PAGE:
Wayne Rooney has apologised after being banned from driving for two years and ordered to perform 100 hours of unpaid work as part of a 12-month community order.
Rooney on Monday pleaded guilty to drink driving on a night out while his pregnant wife and their three sons were on holiday.
The Everton striker and former England captain was stopped by police when driving a woman's black Volkswagen Beetle in Wilmslow, Cheshire, at 2 a.m. on Sept. 1.
The 31-year-old was later arrested and bailed, and on Monday he entered his guilty plea at Stockport Magistrates' Court.
Rooney apologised for his actions in a statement that read: "Following today's court hearing I want publicly to apologise for my unforgivable lack of judgement in driving while over the legal limit. It was completely wrong.
"I have already said sorry to my family, my manager and chairman and everyone at Everton FC. Now I want to apologise to all the fans and everyone else who has followed and supported me throughout my career.
"Of course I accept the sentence of the court and hope that I can make some amends through my community service."
Wearing a blue suit with his hands in his pockets, Rooney walked into the court building accompanied by a small entourage.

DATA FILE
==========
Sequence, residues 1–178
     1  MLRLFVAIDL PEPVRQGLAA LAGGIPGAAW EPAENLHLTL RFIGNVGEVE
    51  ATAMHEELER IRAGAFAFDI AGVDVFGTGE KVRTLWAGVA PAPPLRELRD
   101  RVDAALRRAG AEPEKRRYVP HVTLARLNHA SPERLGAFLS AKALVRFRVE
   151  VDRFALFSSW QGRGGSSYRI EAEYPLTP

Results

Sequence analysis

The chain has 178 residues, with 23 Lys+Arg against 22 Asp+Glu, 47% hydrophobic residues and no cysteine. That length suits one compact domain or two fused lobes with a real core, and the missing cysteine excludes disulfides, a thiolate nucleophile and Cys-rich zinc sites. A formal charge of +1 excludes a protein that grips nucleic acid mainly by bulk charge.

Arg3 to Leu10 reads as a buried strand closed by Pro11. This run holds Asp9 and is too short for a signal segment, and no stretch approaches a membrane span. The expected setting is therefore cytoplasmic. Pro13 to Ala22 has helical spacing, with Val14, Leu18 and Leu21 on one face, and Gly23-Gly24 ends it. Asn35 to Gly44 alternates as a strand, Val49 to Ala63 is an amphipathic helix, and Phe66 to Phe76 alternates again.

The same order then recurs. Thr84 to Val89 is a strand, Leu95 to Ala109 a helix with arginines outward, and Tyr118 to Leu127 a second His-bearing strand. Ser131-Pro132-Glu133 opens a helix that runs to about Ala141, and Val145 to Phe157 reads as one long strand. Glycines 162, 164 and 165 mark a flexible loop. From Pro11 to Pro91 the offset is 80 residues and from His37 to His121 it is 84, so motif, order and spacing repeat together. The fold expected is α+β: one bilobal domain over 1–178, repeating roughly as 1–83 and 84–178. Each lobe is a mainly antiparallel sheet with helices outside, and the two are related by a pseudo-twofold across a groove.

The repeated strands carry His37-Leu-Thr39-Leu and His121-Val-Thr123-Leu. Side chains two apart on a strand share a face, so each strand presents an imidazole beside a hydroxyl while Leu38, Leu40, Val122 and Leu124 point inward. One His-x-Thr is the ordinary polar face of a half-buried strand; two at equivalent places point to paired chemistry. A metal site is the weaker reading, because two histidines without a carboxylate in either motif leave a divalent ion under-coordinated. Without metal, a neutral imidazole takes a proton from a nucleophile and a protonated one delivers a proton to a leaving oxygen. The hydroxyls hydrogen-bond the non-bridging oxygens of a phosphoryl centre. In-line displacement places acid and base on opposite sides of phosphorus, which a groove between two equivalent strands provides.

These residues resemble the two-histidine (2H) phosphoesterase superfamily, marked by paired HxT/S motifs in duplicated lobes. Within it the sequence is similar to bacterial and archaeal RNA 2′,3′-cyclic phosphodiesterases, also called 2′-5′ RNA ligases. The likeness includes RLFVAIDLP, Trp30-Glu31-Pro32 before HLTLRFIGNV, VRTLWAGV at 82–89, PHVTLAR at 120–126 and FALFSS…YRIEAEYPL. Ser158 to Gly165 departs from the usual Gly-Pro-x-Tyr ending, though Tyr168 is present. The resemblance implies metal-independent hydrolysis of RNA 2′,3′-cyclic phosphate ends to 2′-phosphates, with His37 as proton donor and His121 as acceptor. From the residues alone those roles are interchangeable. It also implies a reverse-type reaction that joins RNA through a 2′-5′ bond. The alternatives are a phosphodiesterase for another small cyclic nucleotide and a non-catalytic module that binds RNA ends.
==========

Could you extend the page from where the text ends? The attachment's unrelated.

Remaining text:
Rooney's legal team asked District Judge John Temperley to consider not imposing a community order because of his ongoing charitable work. However, the judge said he was "not convinced" that imposing a large fine "would have the same effect."
Rooney was also told to pay £85 prosecution costs and a victim surcharge for the same amount.
The court heard Rooney was almost three times the legal limit. A breathalyser test showed his alcohol level was 104 microgrammes in 100 millilitres of breath. The drink-drive limit in England and Wales is 35 microgrammes per 100 millilitres of breath.
After the hearing, Rooney left court with his lawyers, followed by a media scrum of TV cameras, press photographers and reporters. Shortly after the court hearing Rooney also tweeted his statement of apology to his 16.3 million followers.
Rooney's apology had a mixed response on Twitter. Some replied with praise, saying that it takes a man to apologise, others rejected his words and many more gave him sarcastic offers of a lift to work on Tuesday morning.
Michael Rainford, defending, said his client accepted the facts of the prosecution case in full.
He said: "Upon stopping and speaking to the police officer he was fully co-operative and compliant both at the roadside and also at the police station later on, to the extent that the officers who dealt with Mr Rooney said he was the perfect gentleman.
"He realises he has not only let himself down very badly but his family. He has a wife and three young children. Of course he has let down the fans, the young people who look up to him."